State finds neglect in woman’s suicide at ECMC

BUFFALO, N.Y. (WIVB) – An investigation by state officials determined an employee at the Erie County Medical Center failed to properly monitor a woman on suicide watch.

Joseph Daniel of Wheatfield said life with his wife, Samara, was sweet at the outset. They married in 2006 after meeting at Women and Children’s Hospital. He was an electrician working at the hospital and she ordered surgical supplies. Joseph says his wife was always upbeat and “real ambitious, full of life… always made people laugh and happy.”

But four years later, depress began taking over Samara’s life.

“She had lost her mother. Her father was in a nursing home. She had a problem having children,” Joseph said.

And though Samara tried to put on a good face for him and his two children from a previous marriage, Joseph says she was losing her battle to remain happy.

One day in 2010, Samara overdosed on pills and was taken to ECMC for intensive care and psychiatric evaluation.

“They put her in the ICU and put her on a 24-hour watch. Kept her for a week.”

This past September, Samara again took an overdose of pills and was returned to ECMC and put on a 24-hour watch. But Joseph says she was discharged two days later with no advice to the family and little direction on what to do next.

“On her discharge papers, they just told her they couldn’t find a psychiatrist, so they told her to use a walk-in clinic.”

The next day, while at home, Joseph says Samara made another attempt at suicide. He says when he got out of the shower he saw her holding a knife and she had a cut on her neck.

Joseph took her back to ECMC, but this time the suicide watch was designated to be every 15 minutes, not around the clock.

Two days into her stay, Samara was found dead. Bob Maranto, one of the attorneys for the Daniel family, said Samara took her life by taking a bed sheet and putting it around a sink and hanging herself.

When Joseph arrived at the hospital he says he could not get details of his wife’s death.

“They didn’t tell me anything, other than she’s dead. They wouldn’t answer. They said it’s a police investigation.”

News 4 Investigates obtained a copy of the findings of a probe of this case by the New York State Justice Center, which handles cases of people with special needs. The Justice Center found that “a staff member (at ECMC) committed neglect when she failed to adequately perform the 15 minute checks required for Samara.”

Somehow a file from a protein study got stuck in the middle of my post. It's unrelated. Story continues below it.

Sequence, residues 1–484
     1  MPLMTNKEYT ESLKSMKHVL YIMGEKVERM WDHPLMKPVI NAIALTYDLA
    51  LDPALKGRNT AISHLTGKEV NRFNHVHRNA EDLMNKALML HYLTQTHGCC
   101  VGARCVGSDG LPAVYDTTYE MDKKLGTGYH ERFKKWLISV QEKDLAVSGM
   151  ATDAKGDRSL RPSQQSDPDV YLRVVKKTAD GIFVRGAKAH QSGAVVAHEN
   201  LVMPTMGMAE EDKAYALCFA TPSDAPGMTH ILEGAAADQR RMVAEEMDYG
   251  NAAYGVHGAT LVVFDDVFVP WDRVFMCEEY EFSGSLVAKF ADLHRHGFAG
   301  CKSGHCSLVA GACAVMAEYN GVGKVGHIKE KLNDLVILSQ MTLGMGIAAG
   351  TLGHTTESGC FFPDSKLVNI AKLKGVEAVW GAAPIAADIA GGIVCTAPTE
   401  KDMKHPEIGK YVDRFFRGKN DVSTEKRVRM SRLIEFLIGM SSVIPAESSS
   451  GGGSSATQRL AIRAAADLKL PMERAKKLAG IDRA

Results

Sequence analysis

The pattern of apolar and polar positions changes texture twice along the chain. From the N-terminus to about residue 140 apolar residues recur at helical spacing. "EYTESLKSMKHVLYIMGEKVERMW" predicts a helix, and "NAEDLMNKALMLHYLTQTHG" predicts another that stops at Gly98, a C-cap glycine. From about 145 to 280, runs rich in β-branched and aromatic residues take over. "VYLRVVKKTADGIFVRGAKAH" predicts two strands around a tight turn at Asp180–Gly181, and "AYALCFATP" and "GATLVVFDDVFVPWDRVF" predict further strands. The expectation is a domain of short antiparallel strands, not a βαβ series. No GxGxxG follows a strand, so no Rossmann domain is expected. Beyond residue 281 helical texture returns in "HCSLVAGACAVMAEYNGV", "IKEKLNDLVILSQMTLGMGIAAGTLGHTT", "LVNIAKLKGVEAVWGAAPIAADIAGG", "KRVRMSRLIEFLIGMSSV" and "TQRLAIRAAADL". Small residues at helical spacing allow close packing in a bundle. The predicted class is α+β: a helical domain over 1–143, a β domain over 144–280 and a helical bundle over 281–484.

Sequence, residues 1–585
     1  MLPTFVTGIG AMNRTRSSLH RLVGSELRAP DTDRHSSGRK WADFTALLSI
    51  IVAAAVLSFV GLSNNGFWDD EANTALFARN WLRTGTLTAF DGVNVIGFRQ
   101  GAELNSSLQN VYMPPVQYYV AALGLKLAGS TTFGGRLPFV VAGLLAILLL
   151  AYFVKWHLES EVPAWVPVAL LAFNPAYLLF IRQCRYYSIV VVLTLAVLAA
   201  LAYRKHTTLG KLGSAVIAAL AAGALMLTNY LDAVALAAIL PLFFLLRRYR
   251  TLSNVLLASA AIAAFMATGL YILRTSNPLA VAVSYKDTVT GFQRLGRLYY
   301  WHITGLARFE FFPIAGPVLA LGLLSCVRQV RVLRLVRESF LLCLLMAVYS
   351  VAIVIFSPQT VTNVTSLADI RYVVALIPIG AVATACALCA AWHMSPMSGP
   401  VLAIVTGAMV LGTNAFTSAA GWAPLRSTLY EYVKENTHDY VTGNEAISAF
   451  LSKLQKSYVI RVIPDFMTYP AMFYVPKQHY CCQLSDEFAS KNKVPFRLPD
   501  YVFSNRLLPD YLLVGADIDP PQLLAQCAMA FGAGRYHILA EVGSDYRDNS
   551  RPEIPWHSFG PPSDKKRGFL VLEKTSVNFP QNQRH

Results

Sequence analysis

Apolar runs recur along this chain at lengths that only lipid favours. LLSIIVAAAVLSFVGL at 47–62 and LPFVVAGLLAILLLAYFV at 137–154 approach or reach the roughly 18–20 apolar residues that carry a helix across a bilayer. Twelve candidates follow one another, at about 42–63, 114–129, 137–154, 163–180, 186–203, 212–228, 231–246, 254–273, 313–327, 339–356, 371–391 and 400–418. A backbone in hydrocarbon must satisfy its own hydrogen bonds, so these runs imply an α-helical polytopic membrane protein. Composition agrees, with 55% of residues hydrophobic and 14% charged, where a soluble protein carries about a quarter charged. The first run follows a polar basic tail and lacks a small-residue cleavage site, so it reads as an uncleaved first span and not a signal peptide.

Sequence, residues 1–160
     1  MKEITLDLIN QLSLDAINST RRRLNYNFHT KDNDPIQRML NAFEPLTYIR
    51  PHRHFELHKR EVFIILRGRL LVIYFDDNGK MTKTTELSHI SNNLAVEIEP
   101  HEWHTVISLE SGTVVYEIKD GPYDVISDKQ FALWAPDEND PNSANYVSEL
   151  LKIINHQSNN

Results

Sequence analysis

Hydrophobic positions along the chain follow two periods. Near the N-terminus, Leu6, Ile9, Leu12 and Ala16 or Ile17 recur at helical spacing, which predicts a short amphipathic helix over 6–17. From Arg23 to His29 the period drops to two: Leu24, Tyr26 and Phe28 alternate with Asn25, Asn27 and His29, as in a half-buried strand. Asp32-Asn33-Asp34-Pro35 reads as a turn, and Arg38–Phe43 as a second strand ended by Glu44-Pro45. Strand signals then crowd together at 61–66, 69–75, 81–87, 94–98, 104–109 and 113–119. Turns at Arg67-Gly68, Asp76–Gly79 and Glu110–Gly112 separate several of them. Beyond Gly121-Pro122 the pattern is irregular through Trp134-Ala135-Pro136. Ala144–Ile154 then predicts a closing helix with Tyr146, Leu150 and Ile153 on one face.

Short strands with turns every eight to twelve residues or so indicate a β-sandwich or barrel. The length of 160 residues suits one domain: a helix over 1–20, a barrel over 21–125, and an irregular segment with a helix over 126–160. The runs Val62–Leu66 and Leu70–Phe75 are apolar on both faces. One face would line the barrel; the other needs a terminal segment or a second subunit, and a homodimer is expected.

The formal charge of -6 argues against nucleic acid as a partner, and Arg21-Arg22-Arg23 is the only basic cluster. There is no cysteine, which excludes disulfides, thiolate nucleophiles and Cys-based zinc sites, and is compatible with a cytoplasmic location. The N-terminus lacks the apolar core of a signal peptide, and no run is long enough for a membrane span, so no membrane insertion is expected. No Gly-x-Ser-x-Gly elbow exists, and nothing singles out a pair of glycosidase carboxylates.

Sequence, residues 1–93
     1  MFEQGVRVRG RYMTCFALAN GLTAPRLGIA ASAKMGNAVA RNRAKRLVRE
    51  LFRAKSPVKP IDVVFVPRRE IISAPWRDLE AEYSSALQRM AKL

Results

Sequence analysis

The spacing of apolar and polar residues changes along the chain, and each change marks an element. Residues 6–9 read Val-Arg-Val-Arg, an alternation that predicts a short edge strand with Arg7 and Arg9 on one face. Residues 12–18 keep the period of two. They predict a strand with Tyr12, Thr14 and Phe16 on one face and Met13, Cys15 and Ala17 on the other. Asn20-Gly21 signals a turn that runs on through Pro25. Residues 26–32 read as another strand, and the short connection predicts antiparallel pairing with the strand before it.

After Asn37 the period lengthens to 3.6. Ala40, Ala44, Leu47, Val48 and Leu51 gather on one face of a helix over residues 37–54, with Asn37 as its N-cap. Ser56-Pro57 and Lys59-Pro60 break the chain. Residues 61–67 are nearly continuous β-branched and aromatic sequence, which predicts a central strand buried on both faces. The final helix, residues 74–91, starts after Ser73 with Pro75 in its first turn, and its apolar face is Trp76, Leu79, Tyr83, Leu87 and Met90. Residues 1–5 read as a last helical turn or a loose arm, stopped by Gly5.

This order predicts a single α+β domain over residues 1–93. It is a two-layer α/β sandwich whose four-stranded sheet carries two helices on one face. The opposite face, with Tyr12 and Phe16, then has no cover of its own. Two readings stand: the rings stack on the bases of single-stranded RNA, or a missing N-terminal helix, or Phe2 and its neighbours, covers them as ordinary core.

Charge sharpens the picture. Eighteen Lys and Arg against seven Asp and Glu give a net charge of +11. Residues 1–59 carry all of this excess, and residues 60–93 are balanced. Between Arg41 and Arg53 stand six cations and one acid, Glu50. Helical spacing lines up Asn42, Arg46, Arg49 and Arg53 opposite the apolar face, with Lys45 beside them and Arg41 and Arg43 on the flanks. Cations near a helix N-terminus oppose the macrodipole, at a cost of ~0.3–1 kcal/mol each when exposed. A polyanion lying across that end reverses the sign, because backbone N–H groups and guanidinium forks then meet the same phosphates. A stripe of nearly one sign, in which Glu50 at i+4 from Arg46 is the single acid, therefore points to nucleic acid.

Moranto said, “When they found her, it’s our understanding that there had been some rigor mortis already set in. We don’t know exactly how long she was deceased when they found her.”

ECMC says it cannot discuss patient information, but issued a statement saying, “This litigation involves a tragic circumstance of a former patient. ECMC officials intend to allow the judicial system to resolve this unfortunate incident. We continue to take very seriously the safety and care of all our patients.”

Moranto said, “We believe, and the experts we talked to believe, that Samara should have been put on 24-hour watch when she was admitted to the hospital on the second occasion.”

A lawsuit by alleges “due to negligence, carelessness, and recklessness, Samara Daniel committed suicide.”

Why, the family asks, was Samara allegedly allowed to remain in a room with the ability to harm herself, and why wasn’t she monitored more closely?

Ken Szyszkowski, another attorney handling the case for the Daniel family, said the tragedy has “had a profound impact on Joe himself, his family, Samara’s siblings. It’s altered their life immensely.”

Joseph says the loss of his wife has “changed my whole life.” A major reason he has brought the lawsuit, he says, is that he “wouldn’t want somebody else to take their wife in and have this happen to them.”

ECMC will not reveal the status of the staff member who committed the offense of neglect. Two other staff members at ECMC were cleared in the state investigation.

Neglect is considered by the state the second most serious offense in an institution such as a hospital. The first is physical, psychological, or sexual abuse of a patient by an employee. If neglect happens twice in three years that employee is put on a list and excluded from working with people with special needs.

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